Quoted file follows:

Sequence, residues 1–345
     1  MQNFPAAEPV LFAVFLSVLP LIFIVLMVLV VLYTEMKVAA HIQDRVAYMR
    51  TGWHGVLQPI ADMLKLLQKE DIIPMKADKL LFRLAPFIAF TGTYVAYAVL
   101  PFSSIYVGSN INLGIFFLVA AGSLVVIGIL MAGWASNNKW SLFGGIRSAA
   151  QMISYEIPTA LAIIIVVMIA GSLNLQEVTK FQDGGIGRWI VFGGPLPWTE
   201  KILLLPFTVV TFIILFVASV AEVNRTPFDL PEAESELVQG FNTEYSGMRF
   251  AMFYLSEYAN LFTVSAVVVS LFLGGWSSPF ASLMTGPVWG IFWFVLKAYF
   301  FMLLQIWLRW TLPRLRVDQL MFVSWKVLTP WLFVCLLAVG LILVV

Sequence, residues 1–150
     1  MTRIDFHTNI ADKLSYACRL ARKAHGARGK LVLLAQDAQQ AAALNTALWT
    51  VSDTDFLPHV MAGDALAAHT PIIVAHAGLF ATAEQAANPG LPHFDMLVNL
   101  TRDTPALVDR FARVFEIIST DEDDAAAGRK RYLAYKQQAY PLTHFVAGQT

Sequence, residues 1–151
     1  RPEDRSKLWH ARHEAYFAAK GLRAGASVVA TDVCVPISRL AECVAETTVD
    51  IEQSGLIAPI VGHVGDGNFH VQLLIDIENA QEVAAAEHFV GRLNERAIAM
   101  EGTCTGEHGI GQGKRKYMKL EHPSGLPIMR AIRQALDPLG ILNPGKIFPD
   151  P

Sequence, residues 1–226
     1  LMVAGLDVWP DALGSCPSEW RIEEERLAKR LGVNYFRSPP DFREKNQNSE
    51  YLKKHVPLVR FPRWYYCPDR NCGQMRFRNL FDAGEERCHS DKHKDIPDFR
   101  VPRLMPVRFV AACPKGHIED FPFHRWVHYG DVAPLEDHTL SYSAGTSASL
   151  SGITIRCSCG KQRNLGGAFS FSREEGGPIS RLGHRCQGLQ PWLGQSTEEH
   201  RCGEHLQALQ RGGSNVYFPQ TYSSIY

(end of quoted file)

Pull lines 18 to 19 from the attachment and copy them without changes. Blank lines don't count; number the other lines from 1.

Sequence, residues 1–226
     1  LMVAGLDVWP DALGSCPSEW RIEEERLAKR LGVNYFRSPP DFREKNQNSE